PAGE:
When we allow ourselves to get lost, drift through a landscape, and open to the unexpected, we reconnect with uncertainty and go beyond our certainty merchants. This provides a space for our intuition to come online, for dots to connect, and for new perspectives to emerge.  This is true in life but also business … innovation more often flows from serendipity than design. 

“Maybe wayfinding is an activity that confronts us with the marvellous fact of being in the world, requiring us to look up and take notice …calling us to renew our species’ love affair with freedom, exploration, and place.”   - M.R. O’Connor

There is no recipe for developing a "getting lost practice"; it will differ for each of us, but we believe it starts with being and practising COOL, so here are a few COOL Wayfinding waypoints we explored.

  • Courage …  go beyond the familiar and “disband your army”.  Practice negative capability (“To rest in doubt, being in uncertainties, mysteries, doubts, without any irritable reaching after fact and reason."  ~John Keats ~
  • Openness … draw on multiple forms of knowledge, including intuition.  Be open to letting go and unlearning old “selves” and certainties.  
  • Observing … Pay attention to signs and patterns. Discover new waypoints.  Notice your triggers and emotional responses without judgment, and learn to calm your nervous system responses in the unknown.
  • Lightness … Hold your own assumptions and strong opinions lightly: recalibrate & make adjustments often … don’t be afraid to admit and make course corrections. Don’t forget to notice the beauty along the way.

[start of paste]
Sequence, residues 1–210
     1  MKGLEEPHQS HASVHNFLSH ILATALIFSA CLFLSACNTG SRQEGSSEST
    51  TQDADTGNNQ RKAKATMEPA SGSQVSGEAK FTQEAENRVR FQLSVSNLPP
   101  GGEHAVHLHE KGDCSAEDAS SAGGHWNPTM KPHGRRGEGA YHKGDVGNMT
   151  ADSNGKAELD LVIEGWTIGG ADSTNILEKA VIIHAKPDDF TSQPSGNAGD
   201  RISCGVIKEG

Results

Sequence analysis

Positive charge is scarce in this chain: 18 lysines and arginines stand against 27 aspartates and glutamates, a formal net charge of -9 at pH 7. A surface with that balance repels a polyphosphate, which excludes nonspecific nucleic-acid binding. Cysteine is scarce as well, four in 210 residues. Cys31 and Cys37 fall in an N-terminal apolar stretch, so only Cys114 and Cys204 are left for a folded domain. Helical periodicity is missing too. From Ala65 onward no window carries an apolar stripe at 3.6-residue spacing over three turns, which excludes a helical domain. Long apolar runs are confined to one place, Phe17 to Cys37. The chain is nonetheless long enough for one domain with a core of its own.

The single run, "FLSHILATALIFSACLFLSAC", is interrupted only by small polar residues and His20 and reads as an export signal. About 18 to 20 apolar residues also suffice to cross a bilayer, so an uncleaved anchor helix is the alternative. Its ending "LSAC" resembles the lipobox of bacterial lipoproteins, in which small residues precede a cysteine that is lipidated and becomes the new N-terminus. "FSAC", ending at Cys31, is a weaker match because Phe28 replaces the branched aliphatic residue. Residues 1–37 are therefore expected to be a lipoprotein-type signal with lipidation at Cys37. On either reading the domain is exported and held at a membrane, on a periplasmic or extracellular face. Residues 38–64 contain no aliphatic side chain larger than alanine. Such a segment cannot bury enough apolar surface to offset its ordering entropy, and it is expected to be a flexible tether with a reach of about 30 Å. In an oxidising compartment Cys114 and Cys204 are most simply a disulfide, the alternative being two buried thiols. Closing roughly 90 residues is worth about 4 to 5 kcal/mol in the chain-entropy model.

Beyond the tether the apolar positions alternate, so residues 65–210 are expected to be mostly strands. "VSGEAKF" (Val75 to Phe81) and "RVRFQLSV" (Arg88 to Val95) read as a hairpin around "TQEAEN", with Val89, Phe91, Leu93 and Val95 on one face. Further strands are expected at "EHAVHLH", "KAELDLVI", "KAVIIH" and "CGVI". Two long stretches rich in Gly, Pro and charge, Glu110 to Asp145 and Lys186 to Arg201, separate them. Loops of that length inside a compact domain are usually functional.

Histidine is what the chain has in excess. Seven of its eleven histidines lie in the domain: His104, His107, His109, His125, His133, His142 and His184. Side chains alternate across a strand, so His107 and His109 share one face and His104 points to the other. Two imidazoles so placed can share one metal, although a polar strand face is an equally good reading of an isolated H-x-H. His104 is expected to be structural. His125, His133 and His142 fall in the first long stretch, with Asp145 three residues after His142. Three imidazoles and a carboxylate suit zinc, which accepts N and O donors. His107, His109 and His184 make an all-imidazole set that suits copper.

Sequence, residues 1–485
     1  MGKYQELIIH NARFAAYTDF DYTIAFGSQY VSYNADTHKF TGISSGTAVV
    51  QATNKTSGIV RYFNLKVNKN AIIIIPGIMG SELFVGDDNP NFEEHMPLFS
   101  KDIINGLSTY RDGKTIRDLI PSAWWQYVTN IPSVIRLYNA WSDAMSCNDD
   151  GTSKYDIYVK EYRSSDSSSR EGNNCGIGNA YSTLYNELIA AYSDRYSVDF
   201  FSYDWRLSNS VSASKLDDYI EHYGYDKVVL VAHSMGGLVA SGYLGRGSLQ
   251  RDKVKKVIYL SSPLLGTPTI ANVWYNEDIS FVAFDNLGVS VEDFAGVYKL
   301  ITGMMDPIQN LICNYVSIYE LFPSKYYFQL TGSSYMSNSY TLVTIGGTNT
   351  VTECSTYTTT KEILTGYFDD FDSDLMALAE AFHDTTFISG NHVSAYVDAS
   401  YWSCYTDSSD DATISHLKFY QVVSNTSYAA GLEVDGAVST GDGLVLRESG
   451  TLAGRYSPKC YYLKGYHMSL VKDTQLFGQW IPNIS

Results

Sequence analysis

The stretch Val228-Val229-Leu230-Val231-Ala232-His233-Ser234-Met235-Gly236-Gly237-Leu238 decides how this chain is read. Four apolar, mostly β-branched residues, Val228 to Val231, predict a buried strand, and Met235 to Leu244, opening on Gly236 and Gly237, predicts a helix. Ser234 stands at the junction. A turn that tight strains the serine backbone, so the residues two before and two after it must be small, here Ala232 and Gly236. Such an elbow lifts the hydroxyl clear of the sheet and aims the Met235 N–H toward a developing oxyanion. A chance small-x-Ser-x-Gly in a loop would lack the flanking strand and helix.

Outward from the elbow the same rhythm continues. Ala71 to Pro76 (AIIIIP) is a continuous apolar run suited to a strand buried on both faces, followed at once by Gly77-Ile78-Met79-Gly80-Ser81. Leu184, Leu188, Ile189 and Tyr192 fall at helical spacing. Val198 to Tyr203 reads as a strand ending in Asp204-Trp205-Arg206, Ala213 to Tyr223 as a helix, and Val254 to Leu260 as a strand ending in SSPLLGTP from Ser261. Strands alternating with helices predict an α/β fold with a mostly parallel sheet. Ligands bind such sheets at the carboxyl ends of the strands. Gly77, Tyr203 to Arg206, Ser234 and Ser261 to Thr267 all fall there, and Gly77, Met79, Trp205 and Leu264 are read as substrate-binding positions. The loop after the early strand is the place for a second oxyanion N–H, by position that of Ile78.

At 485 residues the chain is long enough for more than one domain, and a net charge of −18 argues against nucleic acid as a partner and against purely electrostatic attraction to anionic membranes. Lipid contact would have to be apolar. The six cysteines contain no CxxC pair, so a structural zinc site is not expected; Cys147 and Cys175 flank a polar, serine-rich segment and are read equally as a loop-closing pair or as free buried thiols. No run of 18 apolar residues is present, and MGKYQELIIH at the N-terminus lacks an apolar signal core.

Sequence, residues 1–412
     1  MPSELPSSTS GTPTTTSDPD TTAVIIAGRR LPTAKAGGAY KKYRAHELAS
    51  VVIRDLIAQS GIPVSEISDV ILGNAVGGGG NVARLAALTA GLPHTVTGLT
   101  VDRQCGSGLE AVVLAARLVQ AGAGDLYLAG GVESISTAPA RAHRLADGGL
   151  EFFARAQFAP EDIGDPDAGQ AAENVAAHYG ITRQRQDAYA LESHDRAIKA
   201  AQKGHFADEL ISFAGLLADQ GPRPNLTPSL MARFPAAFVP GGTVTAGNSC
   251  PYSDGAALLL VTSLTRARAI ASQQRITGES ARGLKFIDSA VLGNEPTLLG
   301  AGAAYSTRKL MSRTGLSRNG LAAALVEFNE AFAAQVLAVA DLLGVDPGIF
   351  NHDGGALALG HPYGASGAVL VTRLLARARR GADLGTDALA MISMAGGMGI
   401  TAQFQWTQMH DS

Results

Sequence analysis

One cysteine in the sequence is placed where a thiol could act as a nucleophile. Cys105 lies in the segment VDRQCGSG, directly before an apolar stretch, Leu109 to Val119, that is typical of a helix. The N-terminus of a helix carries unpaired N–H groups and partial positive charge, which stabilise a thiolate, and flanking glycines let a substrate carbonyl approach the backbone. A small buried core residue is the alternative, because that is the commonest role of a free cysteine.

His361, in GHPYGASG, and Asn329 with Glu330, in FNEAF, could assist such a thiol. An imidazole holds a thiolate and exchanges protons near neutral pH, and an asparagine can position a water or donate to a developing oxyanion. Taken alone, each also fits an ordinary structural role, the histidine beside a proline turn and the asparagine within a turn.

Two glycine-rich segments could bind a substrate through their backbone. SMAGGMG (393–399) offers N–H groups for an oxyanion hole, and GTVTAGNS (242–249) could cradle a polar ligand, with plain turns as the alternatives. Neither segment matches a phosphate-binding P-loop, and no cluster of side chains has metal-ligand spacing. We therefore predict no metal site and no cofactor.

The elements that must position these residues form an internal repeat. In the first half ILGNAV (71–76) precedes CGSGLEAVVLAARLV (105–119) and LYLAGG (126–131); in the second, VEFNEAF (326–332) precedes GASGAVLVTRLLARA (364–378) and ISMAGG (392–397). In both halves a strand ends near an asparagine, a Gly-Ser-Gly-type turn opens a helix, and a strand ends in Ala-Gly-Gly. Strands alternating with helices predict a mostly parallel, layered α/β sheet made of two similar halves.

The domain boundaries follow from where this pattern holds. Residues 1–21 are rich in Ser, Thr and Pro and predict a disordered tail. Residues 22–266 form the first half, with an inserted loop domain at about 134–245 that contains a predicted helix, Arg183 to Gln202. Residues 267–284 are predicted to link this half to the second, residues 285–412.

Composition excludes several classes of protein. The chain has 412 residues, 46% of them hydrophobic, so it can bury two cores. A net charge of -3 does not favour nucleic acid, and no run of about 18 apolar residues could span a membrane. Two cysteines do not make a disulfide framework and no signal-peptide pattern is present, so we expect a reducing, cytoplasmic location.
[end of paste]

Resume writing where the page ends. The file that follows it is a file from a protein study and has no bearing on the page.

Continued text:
We ended the session with this wonderful poem by David Wagoner.  We invited attendees to read silently and reflect on it for a while.  We extend that same invitation to you.

Stand still. 

The trees ahead and bushes beside you are not lost. 

Wherever you are is called Here,
and you must treat it as a powerful stranger,
must ask permission to know it and be known.

The forest breathes. Listen. It answers,
I have made this place around you.
If you leave it, you may come back again, saying Here.

No two trees are the same to Raven.
No two branches are the same to Wren.
If what a tree or a bush does is lost on you,
you are surely lost. 

Stand still. The forest knows where you are. 

You must let it find you.

(Lost, by David Wagoner )

Continuing the series of posts on topics discussed during our COOL Connecting conversations in 2023, let's look at one of the most interesting topics we covered: Trust, Confidence and Complexity.   (If you haven't signed up to join our COOL community, you can do so here).

If complexity is all around us, and in fact, it IS us. It permeates and impacts almost every aspect of our lives positively and/or negatively. Many truths we think we know or take for granted are upended by complexity.

For example, let's think about Trust. It is a general assumption that we need to trust ourselves (have confidence) and others to form and maintain relationships and be successful. In his book Speed of Trust, Stephen Covey wrote, "Where trust is low, everything takes longer and costs more." In other words, Trust is a currency that powers our ability to get things done fast and effectively. 

What happens to trust in ourselves and others when we face complexity?

  • As a leader, coach or consultant, how do we instil Trust in our clients or teams when we don't have the answers and can't guarantee outcomes?
  • Can we trust our senses in a world of deep fakes and AI?
  • Do we still know how to trust, i.e., what to base our Trust on?

Let's first consider Trust in ourselves or confidence. Where do you usually draw your confidence from? For most of us, our confidence comes from our competence or expertise, i.e. what we know and our ability to deliver. So what happens in complexity where continuous change and emergence mean we are always on the boundary between knowing and not knowing, feeling competent and incompetent? In a world with intelligent machines, what value does our knowledge have? Sometimes, our past success and existing expertise become liabilities. 

How about trusting our own senses? Can we trust our eyes and ears in a world of deep fakes? Can we trust our judgment?  

Perhaps we need to learn to base our confidence on our ability to learn, adapt, find new potential, relate, empathise and connect.